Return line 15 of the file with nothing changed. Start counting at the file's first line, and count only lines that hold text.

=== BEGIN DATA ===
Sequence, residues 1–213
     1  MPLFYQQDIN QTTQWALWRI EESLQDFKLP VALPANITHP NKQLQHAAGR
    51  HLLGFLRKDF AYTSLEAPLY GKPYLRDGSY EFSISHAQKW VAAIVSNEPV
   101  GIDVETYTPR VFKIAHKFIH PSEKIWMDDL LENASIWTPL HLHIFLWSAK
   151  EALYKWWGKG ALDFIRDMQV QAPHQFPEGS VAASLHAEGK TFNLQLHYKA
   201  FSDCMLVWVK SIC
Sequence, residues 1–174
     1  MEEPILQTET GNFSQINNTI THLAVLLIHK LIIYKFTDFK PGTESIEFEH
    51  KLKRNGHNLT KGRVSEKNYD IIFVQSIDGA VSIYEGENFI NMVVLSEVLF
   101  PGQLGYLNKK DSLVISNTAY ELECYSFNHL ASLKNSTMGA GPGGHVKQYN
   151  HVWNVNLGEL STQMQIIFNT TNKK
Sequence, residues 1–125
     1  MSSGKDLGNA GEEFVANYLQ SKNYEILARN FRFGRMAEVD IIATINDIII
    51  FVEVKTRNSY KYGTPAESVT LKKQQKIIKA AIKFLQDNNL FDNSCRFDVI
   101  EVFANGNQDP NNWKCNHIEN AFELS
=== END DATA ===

   101  EVFANGNQDP NNWKCNHIEN AFELS